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Think small: Models, makers and technology

Published: 4 March 2021

Making models helps us understand things in new ways. Discover the work of some of the ingenious model engineers in our collection and find out what impact they had on technology in the full-scale world.

These engineers, artisans and inventors—both amateur and professional—came from many walks of life, and often pursued their passion for model-making despite facing obstacles. Read on to find out more about how model engineering has influenced the technology of the modern world.

Henrietta Vansittart: Passion and ingenuity

Henrietta Vansittart (1833–1883) could be described as Britain’s first significant female inventor. Her father James Lowe was a blacksmith and inventor. When she was five, he patented a new type of screw propeller, to drive steam ships quickly and efficiently.

In the 1860s, Henrietta improved the design with curved rather than straight blades for greater efficiency, and her home was filled with the development models she built and tested. She patented her propeller design in 1868, for use on several ships.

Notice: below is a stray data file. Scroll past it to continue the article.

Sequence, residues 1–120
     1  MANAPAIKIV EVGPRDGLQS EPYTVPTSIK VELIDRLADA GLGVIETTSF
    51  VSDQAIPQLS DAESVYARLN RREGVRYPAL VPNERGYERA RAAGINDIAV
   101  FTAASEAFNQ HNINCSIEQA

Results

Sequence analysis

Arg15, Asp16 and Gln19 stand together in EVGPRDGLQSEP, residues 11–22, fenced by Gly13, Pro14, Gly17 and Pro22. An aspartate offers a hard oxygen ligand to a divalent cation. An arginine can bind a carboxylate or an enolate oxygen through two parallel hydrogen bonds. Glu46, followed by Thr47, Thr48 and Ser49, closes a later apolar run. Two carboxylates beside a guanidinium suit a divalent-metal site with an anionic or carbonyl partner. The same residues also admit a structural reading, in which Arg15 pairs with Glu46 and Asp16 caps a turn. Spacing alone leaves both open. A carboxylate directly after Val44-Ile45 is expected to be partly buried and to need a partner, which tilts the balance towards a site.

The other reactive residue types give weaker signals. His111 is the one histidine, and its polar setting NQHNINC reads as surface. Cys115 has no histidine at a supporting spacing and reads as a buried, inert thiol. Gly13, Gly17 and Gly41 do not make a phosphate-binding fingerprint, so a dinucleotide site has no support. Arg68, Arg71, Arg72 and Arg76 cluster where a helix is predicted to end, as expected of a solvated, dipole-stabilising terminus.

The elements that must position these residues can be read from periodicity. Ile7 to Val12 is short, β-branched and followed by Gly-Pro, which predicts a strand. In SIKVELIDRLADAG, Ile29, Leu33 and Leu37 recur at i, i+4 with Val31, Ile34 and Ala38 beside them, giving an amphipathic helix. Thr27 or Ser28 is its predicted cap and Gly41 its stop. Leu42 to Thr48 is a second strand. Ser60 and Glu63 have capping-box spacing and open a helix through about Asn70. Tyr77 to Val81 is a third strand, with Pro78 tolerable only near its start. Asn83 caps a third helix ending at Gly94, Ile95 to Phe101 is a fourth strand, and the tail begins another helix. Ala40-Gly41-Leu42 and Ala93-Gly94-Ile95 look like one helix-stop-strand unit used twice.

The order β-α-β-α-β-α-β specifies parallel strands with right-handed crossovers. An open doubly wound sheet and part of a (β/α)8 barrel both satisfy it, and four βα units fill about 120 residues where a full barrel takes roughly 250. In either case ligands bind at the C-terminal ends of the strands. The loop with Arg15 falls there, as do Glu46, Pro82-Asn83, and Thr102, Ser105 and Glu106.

Victorian woman stands looking down at the end of a model ship Science Museum Group Collection
In this portrait, Henrietta is holding a tiny model of the propeller, alongside the model ship it was to be fitted to.

The model was important enough for Henrietta to include this picture on the front of her 1882 book detailing its history. The picture reveals the importance of models both to Henrietta personally, and to the development of the new propellers for steam ships upon which maritime trade depended.

Watt, Tongue and Nasmyth: Testing new ideas

Some of the earliest models we have were made by Scottish engineer James Watt, best known for his work on steam engines. Watt’s steam career even started fixing a model atmospheric engine which wouldn’t run.